Java News from Monday, January 16, 2006

Sun's withdrawn JSR-189, Java 3D API 1.4 from the Java Community Process (JCP). I'm not sure exactly why.

Timesys has submitted JSR 289, SIP Servlet v1.1 to the Java Community Process. According to the JSR:

The SIP Servlet Specification (JSR116) is a container based approach (modelled on the HTTP servlet paradigm) to developing communication applications utilizing the Session Initiation Protocol (SIP) protocol. SIP is used to establish and manage multimedia IP sessions. This JSR requests the evolution of the SIP Servlet specification to address capabilities discovered by the industry as a result of using the specification. Some of the core requirements requiring the evolution of this specification are:

This list of requirements is not necessarily complete and this will be explored further in the expert group - for example, additional support could be defined for initial and subsequent request, inter-servlet loop detection, additional protocol support, complex SIP dialog management, explicit header manipulation, JMX management, 3GPP IMS support and inter-servlet communication. It is intended that the priority of each of these enhancements be defined by the expert group with the goal of defining the API in an incremental manner satisfying a bulk set of requirements in each release. This is done to ensure timely delivery of the API as well as in order to gain experience with some of the more advanced features prior to standardization.

Timesys has submitted JSR 282, RTSJ version 1.1 (Realtime Specification for Java, to the Java Community Process. According to the JSR:

This proposal addresses some of the simpler enhancements that have been requested in the RTSJ:

  1. Add waitForNextRelease() and release() to RealtimeThread so real-time threads will be better able to handle aperiodic processing.
  2. Investigate a class, similar to the weak reference classes, that supports references between memory areas that would normally be forbidden by the RTSJ assignment rules.
  3. Relax the ?bi-directional reference rule? for parameter objects.
  4. Add new methods in the Timed and Timer classes to more easily support both start relative to now and start relative to the original start time, for reset and reschedule.
  5. Add a form of Timed.reset() that resets the timeout for the current execution.
  6. Add new methods to query the state of Timers and real-time threads.
  7. Add a method to Schedulable and processing group parameters, that will return the elapsed CPU time for that schedulable (if the implementation supports CPU time)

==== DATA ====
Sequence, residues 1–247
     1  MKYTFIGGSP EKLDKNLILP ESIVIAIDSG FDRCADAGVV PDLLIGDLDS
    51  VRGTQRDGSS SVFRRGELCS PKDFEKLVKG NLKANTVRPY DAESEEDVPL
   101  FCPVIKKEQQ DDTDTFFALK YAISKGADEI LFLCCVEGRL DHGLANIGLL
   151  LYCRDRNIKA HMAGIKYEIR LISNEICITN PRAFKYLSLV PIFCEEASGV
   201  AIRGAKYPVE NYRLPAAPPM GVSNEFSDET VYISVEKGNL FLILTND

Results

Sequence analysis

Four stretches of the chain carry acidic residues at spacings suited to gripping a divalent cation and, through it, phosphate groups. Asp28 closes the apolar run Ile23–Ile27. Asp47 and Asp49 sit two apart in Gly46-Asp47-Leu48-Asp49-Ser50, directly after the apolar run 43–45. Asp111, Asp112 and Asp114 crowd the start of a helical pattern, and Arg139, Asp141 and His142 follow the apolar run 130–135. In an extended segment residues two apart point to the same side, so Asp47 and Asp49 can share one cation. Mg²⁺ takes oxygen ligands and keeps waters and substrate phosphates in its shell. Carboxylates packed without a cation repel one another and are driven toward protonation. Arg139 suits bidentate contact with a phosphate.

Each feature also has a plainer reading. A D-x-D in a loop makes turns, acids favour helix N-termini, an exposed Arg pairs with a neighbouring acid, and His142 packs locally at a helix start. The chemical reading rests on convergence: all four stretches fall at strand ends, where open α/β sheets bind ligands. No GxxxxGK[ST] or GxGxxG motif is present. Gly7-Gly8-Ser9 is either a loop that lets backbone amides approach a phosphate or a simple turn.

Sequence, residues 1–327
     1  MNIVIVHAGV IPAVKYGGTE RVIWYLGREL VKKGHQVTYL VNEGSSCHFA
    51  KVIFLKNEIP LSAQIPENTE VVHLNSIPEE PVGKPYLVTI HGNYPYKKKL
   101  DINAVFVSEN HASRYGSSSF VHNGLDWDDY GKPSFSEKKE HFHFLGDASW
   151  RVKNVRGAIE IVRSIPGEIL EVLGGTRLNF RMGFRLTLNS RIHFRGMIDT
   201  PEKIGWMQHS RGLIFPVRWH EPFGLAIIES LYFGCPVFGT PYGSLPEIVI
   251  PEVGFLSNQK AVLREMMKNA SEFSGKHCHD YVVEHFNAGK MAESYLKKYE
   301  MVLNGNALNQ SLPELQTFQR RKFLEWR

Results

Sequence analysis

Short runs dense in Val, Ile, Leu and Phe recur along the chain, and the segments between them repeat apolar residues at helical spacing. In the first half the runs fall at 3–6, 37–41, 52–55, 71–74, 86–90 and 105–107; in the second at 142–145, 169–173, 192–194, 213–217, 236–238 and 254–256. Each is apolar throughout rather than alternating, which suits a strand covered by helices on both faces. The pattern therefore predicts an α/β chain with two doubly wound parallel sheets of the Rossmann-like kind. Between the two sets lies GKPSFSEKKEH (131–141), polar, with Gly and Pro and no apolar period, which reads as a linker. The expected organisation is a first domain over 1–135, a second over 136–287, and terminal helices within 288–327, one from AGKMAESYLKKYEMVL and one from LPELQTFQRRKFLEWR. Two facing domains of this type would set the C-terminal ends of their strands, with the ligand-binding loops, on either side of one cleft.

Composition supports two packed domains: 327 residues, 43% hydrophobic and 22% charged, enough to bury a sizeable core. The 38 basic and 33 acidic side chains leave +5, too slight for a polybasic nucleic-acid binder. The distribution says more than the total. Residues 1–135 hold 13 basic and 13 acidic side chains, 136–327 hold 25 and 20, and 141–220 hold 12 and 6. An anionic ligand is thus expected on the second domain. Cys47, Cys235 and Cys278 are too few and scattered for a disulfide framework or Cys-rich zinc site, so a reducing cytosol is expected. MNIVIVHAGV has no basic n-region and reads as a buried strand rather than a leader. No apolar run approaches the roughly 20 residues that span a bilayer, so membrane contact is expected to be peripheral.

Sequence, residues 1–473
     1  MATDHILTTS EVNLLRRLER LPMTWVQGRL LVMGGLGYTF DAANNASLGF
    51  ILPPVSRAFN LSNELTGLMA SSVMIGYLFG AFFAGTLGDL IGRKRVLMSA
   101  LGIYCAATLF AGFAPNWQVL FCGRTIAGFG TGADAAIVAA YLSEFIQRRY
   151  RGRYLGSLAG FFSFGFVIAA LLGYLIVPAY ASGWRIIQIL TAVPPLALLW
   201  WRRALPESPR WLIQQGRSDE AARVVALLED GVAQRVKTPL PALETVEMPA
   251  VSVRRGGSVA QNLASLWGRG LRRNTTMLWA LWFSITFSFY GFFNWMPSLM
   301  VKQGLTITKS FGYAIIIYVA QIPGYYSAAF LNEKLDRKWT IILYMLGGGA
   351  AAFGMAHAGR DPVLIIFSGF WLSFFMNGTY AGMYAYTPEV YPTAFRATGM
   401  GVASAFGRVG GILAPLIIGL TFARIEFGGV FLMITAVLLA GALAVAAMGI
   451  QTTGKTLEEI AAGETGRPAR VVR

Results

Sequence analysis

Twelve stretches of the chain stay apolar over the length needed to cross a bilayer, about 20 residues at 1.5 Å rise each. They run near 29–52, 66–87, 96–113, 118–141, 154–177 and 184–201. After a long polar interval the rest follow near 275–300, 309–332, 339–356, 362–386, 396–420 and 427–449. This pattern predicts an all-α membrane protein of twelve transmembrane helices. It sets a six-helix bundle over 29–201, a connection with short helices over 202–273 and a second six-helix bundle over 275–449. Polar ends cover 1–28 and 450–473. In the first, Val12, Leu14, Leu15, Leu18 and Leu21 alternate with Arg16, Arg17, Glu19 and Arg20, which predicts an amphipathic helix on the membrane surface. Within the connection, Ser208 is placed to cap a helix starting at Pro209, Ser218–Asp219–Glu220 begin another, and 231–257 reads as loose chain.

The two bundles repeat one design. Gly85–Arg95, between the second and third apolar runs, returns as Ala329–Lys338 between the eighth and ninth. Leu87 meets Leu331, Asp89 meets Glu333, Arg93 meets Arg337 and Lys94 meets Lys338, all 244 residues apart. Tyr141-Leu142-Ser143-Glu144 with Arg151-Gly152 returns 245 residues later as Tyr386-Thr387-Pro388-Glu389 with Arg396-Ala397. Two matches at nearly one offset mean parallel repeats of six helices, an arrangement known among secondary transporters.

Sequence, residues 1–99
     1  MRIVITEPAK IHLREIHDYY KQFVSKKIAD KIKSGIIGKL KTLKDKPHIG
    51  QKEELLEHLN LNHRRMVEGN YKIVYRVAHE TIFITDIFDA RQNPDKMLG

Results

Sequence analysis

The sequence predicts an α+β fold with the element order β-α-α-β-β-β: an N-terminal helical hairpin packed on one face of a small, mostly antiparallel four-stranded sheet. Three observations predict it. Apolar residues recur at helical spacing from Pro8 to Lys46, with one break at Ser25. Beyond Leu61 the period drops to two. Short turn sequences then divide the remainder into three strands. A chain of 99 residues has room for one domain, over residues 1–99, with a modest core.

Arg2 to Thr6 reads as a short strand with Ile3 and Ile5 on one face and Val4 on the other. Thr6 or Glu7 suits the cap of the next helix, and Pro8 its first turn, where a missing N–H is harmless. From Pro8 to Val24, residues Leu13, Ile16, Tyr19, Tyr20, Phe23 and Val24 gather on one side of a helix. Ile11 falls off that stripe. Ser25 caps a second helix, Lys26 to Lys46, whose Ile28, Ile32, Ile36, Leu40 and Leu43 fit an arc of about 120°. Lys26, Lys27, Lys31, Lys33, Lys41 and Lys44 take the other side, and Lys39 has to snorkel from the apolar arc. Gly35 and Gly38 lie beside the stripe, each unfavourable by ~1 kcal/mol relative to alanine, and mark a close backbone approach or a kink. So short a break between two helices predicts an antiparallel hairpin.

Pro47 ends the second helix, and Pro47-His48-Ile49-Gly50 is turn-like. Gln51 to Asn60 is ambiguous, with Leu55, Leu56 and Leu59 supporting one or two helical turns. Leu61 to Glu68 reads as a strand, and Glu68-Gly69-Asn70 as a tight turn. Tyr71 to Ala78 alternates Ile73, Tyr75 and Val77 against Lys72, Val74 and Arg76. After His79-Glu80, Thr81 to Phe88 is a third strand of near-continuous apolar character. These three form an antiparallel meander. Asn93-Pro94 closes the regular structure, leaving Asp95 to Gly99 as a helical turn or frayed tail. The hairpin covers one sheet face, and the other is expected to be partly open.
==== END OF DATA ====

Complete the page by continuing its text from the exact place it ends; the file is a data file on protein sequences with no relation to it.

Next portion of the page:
8. Add an option for AEH that will cause the AEH?s memory area to be entered each time the AEH invokes handleAsyncEvent()
  9. Consider a method that determines whether there is more than one reference to an object. (To better support ?recycling lists?)
  10. Add a blocking factor value to ReleaseParameters to support better feasibility analysis
  11. Review the current support for real-time garbage collectors, and expand it if necessary.
  12. Associate a scheduling eligibility value with async events.
  13. Permit all errors associated with exceeding RTSJ resource limits to fire async events (or alternatively, release async event handlers). Currently some of them can only throw exceptions.
  14. Add new methods as necessary to consistently provide both a method that creates a returned object and one that takes a destination wherever those forms are appropriate.
  15. Update the documentation for the physical memory classes to improve their clarity. Make the minimum modifications to the semantics and APIs required to fix any problems that justify such changes.
  16. Update the semantics for cost enforcement to permit support of the invariant that a schedulable's CPU use in each period is bounded by the cost.
  17. Consider compatible modifications to the RTSJ that would make it easier to limit the use of immortal memory.
  18. Modify the specification as required to clarify any interaction with Java™ 5.
  19. Consider hierarchical processing group parameters.
  20. Consider improvements to the wait-free queue classes, or possibly new classes with similar services.
  21. Consider enhancements to the async event system to let events carry data.